All that cash is certainly giving investors faith in the industry’s future. The Construction Products Association calculates that, before an extra penny is allocated, public sector work will leap 7.6% a year between 2002 and 2004 (page 18). But these are just numbers. The CPA warns: “A number of areas of concern remain over the government’s ability to deliver.” No kidding. In housing, stock transfers have flopped, the £1bn Colchester barracks PFI is two years late, and only two PFI hospitals deals were signed in one nine-month period. It’s all so, so slow.
The reasons for delay – planning problems, shortages of client project managers and controversy over the PFI – are well rehearsed. But the real failure is one of leadership. When Sir Steve Robson was at the Treasury, Whitehall and the industry were driven into deals by wider political imperatives. But momentum has been lost since his departure. Is it any wonder that the billions pouring into the NHS are being siphoned off in doctors’ pay deals, such as the one giving 30-year-old consultants £78,000 a year? There aren’t enough alternatives coming from the capital works crew.
The penny must drop sooner or later, though, which may lead to a sudden deluge of tenders – there’s already talk of 21 PFI hospitals being let in 2003. If the industry can’t then handle the work, at least the politicians will be able to line up contractors as the fall guys. But there is still time (just) to avert unsavoury “bungling builder” headlines and save Blair’s bacon. The new-look Cabinet Office may sharpen Whitehall’s lacklustre approach to project management. But there’s also a case for a high-profile public services taskforce to get spending departments moving up through the gears. They’ll need a figurehead, of course, and it’s hard to think of anyone more suitable than that great hammer of the mandarins, Sir John Egan.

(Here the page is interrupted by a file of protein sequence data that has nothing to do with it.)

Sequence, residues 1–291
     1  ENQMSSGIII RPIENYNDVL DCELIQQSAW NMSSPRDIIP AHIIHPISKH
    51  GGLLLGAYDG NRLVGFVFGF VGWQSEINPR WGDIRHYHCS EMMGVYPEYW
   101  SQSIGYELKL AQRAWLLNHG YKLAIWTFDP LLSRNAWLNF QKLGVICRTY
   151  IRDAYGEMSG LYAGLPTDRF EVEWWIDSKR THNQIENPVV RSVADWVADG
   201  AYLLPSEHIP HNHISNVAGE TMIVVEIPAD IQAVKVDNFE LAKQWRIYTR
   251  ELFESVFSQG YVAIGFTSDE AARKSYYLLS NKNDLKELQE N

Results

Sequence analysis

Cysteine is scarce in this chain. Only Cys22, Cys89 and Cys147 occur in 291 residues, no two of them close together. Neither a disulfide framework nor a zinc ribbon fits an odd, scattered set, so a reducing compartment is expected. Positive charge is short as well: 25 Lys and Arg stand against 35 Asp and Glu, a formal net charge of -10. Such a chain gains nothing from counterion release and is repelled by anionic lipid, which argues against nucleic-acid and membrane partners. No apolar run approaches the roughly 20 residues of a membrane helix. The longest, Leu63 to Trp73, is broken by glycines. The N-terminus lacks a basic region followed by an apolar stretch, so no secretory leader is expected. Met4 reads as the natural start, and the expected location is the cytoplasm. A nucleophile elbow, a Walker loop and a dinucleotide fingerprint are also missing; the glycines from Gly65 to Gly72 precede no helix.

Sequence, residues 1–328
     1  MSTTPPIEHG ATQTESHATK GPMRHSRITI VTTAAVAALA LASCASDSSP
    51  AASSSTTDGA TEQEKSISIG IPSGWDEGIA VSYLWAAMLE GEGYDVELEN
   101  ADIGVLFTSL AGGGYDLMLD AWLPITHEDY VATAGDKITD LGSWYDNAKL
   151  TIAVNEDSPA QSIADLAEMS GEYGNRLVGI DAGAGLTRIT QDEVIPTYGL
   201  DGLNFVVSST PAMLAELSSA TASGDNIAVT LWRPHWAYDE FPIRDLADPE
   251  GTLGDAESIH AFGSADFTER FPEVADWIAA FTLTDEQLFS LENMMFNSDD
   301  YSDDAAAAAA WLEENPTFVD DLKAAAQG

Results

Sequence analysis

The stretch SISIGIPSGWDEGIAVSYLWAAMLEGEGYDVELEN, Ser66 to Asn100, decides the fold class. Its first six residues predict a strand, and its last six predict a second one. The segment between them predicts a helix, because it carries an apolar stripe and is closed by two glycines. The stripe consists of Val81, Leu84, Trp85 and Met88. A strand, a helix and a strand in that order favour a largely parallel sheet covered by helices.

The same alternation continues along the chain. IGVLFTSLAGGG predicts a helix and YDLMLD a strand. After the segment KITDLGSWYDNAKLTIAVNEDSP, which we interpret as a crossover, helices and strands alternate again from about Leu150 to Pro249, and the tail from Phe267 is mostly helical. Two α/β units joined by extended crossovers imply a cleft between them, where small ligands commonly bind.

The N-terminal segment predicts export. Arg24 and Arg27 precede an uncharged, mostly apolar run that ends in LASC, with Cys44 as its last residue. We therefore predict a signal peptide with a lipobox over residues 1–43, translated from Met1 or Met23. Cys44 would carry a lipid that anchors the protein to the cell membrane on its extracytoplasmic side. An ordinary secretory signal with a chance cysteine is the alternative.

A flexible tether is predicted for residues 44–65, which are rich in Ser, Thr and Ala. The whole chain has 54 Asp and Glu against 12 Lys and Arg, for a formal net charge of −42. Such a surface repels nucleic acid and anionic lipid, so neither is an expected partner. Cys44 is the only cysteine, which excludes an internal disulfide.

The labours of Livingstone
Not only is London out of all proportion to other UK cities, but its population has grown since 1989 at an ever accelerating rate. In his draft London plan, Ken Livingstone sets out to create 636,000 new jobs and 459,000 additional homes within 14 years (pages 20-21). The expanses of the Thames Gateway to the east are earmarked for the bulk of this capital growth, with other pockets of major development scattered here and there. Naturally, there are few catches. First, transport must precede development. Second, public subsidies for affordable homes must be raised. And third, the planning system has to get three times faster. Crack these problems, Kenneth, and the construction industry will erect a statue of you outside your GLA HQ – at cost.